Nobel prizes are always exciting. This year's Physiology or Medicine prize reveals fascinating basic science about our cells which might have revolutionary applications in health.
It was awarded, according to the Nobel committee at the Karolinska Institute in
Picture it like this: the famous DNA double helix is like a train railway. To copy it, both rails are separated and the enzyme slides over each one, reading the letters that form it and inserting the corresponding letters on the other side. Like a little train that advances in a rail, constructing the opposing rail. In the end, we have two complete and identical railways.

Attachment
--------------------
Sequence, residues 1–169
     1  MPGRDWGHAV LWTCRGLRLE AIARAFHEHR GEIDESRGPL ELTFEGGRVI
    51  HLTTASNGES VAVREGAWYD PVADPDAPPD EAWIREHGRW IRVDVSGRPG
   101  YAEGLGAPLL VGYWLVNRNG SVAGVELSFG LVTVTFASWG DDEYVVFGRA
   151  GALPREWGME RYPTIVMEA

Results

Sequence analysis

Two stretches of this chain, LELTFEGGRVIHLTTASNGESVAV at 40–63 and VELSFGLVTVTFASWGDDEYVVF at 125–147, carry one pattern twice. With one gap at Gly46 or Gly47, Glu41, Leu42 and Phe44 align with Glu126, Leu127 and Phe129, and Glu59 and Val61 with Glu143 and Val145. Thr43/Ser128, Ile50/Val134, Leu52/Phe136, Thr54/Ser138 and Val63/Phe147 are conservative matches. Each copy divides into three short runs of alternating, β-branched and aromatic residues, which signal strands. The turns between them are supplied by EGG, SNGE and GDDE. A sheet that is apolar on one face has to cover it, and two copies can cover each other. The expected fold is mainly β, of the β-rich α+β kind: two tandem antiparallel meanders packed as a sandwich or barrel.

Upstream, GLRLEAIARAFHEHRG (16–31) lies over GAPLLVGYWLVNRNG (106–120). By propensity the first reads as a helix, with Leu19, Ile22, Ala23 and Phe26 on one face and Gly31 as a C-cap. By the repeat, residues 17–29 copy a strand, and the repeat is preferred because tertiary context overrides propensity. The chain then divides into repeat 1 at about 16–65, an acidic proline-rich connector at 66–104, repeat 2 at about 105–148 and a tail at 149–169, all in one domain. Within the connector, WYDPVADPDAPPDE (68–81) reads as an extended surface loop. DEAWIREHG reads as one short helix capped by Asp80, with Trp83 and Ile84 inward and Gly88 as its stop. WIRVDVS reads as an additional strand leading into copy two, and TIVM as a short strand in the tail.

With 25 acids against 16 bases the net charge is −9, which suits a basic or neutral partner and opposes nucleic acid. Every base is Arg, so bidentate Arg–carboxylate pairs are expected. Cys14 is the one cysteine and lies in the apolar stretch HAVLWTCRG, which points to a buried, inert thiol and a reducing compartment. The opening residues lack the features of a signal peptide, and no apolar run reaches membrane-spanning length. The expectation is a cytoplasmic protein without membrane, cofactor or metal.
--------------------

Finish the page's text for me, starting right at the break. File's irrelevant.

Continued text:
But when the enzyme reaches the end of the rail, it cannot advance any longer, and does not construct the last span of the opposing rail. Each time that a chromosome is copied, their tips (telomeres, from the greek telos, end, and meros, part) would shorten!
Using a very ingenious experiment,
And in 1984 (Christmas day!),
Today we know that telomeres and telomerase play a role in aging and cellular death (when telomeres are shortened) and influence the uncontrolled multiplication of cancerous cells (because their telomerase is very active and their telomeres are not shortened). There are even vaccines in development to try to fight cancer by inactivating the telomerase of tumors.
Basic science, motivated by simple curiosity, offers a new medical promise, although a far one.